FLAGSTAFF, Ariz. — Apache County
Supervisor Tom M. White Jr. urged the Arizona State
Transportation Board to fund more projects within Apache County District II during its monthly board meeting and public hearing held on May 20 at Flagstaff City Hall.
Supervisor White advocated for two projects that just completed their traffic studies within his county district, one project in Fort Defiance, Ariz. and the other in Ganado, Ariz. Traffic studies were completed thanks to a grant from the Arizona Department of Transportation and the Federal Highway Administration, and are now awaiting funding to begin.
White first thanked the transportation board for construction of State Hwy. 264 between Ganado and Window Rock, a dangerous stretch of road that he has been advocating for. He is happy to see it finally completed and he knows it will reduce fatalities.
“The road was really narrow,” he said. “I’m really glad they are making an effort to widen that highway.”
The first project White presented to the board is a two and a half mile stretch of road from the junction of N12 from the Conoco gas station to the turn off to Tséhootsooí Medical Center in Fort Defiance. Although the road is part of the road inventory for the Bureau of Indian Affairs (BIA), they have no money to improve it. White has taken it upon himself to help improve the stretch of road for his county constituents for their safety.
“A few years ago we received some funding and a traffic study was done in Fort Defiance,” he said. “We’re trying to get traffic lights from the intersection—solar street lights.”
He explained many roads on the Navajo Nation are in dire need of repairs.
The second project he presented to the board is a similar project in Ganado for the installation of solar street lights and a sidewalk on Hwy. 264 to also improve pedestrian safety.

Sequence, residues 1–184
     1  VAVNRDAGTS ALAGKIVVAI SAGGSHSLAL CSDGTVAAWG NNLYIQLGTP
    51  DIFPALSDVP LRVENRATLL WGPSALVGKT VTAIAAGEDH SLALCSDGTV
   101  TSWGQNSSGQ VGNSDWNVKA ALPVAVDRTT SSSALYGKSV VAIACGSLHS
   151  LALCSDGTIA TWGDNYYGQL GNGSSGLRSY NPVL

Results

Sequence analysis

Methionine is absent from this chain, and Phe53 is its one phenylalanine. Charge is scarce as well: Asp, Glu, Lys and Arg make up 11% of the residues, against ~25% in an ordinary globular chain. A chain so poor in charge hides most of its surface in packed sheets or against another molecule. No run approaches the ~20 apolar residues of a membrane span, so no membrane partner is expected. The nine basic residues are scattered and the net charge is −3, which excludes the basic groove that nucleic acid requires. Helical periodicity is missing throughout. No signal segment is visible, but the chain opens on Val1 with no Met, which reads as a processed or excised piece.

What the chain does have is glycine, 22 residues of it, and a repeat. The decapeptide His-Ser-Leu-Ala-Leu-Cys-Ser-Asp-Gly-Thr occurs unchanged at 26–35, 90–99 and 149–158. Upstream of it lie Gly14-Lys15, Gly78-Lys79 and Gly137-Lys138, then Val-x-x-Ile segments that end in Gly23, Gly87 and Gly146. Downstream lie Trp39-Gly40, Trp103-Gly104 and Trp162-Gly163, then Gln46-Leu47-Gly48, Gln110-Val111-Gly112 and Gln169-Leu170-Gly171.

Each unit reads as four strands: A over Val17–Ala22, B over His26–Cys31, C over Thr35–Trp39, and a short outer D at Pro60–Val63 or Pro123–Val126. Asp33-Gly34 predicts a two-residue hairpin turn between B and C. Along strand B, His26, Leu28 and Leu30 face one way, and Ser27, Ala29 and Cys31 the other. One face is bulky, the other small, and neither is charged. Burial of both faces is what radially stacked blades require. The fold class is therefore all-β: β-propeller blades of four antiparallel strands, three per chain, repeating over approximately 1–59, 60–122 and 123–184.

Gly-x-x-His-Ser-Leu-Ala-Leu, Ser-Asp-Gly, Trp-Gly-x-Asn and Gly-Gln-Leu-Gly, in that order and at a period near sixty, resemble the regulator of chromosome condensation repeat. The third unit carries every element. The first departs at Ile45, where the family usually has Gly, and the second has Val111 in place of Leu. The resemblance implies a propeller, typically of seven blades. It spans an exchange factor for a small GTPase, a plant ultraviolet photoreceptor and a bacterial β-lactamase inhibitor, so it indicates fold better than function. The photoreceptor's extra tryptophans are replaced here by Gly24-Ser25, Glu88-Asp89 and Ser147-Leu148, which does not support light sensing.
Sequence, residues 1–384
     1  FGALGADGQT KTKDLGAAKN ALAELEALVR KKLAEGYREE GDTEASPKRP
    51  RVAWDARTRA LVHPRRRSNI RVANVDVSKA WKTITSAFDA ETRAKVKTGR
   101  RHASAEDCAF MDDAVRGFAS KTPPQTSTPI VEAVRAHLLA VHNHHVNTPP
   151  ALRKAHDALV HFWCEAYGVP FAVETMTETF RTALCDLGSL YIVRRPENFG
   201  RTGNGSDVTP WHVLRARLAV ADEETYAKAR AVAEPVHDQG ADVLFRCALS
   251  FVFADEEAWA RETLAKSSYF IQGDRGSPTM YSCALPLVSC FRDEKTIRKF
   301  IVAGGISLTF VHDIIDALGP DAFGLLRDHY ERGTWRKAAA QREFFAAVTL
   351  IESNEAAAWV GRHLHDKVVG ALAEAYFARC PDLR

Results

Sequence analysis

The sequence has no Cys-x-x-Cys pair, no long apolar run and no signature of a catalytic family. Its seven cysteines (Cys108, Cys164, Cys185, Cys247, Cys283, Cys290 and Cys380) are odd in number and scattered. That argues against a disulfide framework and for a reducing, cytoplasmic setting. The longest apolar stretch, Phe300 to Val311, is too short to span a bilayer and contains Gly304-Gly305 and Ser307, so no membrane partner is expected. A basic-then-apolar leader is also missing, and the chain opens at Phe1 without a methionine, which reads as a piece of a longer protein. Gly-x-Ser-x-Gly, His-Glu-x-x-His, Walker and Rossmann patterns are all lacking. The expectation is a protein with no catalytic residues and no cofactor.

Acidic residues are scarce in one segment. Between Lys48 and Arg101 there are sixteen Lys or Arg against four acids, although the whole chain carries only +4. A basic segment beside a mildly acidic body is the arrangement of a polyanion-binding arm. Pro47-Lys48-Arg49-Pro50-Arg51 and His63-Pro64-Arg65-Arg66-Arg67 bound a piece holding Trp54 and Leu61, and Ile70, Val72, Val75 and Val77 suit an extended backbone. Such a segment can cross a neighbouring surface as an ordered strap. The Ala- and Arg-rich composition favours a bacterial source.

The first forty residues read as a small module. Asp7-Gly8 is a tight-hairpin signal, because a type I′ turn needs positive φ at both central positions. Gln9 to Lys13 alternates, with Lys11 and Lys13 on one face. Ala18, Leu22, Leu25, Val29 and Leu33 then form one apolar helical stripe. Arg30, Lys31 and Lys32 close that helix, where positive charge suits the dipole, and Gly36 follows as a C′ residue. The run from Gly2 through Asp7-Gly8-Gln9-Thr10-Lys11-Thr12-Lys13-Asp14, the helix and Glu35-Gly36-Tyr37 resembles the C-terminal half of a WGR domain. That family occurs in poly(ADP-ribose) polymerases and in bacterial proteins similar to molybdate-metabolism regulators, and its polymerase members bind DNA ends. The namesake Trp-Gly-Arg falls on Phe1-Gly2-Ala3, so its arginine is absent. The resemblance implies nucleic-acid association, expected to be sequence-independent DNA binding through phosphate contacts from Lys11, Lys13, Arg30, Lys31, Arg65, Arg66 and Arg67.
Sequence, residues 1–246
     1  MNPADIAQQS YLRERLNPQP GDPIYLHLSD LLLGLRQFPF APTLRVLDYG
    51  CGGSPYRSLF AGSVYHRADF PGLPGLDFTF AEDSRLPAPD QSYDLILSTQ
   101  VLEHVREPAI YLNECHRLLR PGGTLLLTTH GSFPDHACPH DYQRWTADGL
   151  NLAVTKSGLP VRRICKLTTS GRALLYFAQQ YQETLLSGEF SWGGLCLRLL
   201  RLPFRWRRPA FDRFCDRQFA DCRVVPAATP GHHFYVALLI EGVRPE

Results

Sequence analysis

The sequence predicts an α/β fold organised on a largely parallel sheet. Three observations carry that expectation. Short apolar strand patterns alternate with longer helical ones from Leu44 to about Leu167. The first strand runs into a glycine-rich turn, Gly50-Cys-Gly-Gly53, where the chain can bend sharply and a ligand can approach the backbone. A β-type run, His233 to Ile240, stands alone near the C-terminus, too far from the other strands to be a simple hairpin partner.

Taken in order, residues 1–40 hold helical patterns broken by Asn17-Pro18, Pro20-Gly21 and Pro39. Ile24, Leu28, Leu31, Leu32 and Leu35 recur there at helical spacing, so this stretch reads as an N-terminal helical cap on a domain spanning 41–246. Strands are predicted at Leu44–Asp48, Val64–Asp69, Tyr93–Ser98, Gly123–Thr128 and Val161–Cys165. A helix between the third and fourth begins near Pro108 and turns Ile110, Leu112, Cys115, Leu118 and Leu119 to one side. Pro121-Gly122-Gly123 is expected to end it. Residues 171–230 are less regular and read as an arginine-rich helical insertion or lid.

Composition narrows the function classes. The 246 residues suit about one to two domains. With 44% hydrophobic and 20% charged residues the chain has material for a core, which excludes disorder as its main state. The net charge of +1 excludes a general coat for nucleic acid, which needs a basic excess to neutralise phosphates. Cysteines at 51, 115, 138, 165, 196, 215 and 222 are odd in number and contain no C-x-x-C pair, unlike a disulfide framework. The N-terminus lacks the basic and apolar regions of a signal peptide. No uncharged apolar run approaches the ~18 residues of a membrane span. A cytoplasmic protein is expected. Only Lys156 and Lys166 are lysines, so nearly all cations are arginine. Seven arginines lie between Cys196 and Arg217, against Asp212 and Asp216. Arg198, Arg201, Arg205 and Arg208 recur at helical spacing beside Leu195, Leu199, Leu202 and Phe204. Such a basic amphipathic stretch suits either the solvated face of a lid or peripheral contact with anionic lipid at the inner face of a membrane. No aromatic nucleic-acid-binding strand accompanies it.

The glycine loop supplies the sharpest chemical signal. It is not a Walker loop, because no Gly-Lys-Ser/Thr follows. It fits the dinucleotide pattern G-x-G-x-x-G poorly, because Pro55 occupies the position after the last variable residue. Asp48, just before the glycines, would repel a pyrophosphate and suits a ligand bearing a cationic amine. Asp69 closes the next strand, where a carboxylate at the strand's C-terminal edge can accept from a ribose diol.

“The sidewalks are very-much needed because they are used by school children who go to-and-from school daily,” he explained. “This particular highway is also prone to car accidents as well, especially during the winter season when highways become snow-packed and pedestrians end up walking on the highway because of the lack of sidewalks.”
He explained in winter months, snow plows push the snow onto the sides of the roads creating dangerous walk ways for pedestrians—mainly students.
Aside from the two proposals, he would also like to eventually see the two highways widened to four lanes and that is a future project he plans to advocate for.
Supervisor White and his staff continue to seek out opportunities for partnerships to get their projects funded and completed. He is hopeful the state will hear his plea for funding.
“We came out to advocate for funding just like everybody else did throughout the state,” said White. “We are out advocating for funding, and as elected officials, that’s what you have to do.”
White plans to continue working to get these projects funded. Until then, he continues his advocacy at all levels of government and strengthening partnerships to get projects completed within District II.
Tom M. White Jr. serves as county supervisor for Apache County District II in northeastern Arizona, he is currently serving his fifth four-year term. He is currently the vice chairman of the board and he was first elected in 1997. The board of supervisors are the governing body of the county, and they are represented by three supervisors for three county districts.